“Algorithms tend to give people what they want to hear or read … and they do it repetitiously. And those two things … are what lead to people believing false content, even when you give them true information. And this is how you radicalize people,” said Dr. Nolan Higdon, author of The Anatomy of Fake News.

People who love President Duterte want to have their love confirmed, which is how humans tend to pursue information, and they don’t want to hear anything bad about their idol. So Duterte fans might click on articles like “D30 Pulse Asia approval rating at 99.9%,” which then prompts the algorithm to surface more pro-Duterte news and maybe some anti-De Lima stuff, too, like news that she received bribes from drug lords. Whether positive or negative, true or false, all of it reinforces the users’ confirmation bias. Rather than balance out their prejudices or correct false information (De Lima denies the allegations), social media reinforces what they already believe.

This contributes to an online environment that’s an echo chamber, where the user encounters only what reflects her preexisting bias. So if you’re an anti-masker, you’re only going to come across stories (fake or real) about how masks are bad for your health. The algorithm doesn’t care about truth or accuracy, and distorts your perspective so that you eventually wind up having difficulty considering another point-of-view. You slowly become radicalized, unable to discuss complex ideas or engage in nuanced thinking. A few weeks ago in NYC, a woman attacked two people after demanding that they take their masks off. Had she been living in an echo chamber?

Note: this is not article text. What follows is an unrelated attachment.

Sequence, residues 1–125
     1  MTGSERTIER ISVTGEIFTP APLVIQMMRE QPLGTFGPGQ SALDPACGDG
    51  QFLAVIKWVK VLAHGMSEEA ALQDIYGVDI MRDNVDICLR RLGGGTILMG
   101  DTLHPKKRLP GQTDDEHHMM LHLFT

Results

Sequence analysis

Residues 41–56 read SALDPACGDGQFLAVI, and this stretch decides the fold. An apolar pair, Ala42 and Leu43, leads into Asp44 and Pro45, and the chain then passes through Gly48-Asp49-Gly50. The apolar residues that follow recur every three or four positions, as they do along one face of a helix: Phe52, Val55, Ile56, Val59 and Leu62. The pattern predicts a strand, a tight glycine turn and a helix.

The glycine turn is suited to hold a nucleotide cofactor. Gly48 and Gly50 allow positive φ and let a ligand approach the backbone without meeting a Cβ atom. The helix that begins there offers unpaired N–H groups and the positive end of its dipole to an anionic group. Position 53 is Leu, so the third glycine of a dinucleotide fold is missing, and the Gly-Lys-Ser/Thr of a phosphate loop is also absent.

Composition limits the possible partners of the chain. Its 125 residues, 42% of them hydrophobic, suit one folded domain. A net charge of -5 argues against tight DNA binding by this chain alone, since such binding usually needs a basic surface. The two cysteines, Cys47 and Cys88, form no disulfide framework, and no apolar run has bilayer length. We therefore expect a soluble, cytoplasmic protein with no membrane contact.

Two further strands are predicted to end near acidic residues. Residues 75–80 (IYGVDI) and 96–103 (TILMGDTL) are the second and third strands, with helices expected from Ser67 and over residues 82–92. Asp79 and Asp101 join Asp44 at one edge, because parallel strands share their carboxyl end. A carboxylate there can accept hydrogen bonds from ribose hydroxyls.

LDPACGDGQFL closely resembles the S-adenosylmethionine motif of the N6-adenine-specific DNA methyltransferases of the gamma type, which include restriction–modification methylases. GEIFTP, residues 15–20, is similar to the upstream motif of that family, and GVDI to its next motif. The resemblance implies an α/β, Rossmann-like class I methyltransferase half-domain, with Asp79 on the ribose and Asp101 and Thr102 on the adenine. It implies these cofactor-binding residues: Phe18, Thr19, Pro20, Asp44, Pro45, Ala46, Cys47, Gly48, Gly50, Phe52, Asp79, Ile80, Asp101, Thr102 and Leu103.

Ever wonder why people’s stand about Ivermectin (or vaccines) can be so extreme whether for or against? Or why DDS tend to be rabid, even threatening to rape or kill Patreng Non of the community pantries?

We each have our own biases and, therefore, we all exist in our own echo chambers. I’m not a Duterte supporter; therefore, I will never encounter DDS posts on social media. So although I’m happy about pro-Carpio memes receiving a lot of love, a result of Duterte backing out of the debate, I must remember that only like-minded people are seeing what I’m seeing. The DDS are having a totally different experience. They live in an alternate reality, but of course they think I’m living in Lala Land. We think their news is fake; they think ours is. This is what Maria Ressa refers to as “no shared reality.” She tweeted: “Each second wasted w/o a systemic solution to stop the impunity of both the operators behind disinformation networks and the platform itself means the harm continues. No facts, no shared reality.”

Disinformation travels way faster than factual news, and more and more brains are washed every second of every minute of every hour. In a world growing more and more authoritarian, it’s not an exaggeration to say that, unless all Filipinos gain access to reliable news and information, our democracy could very well be at stake.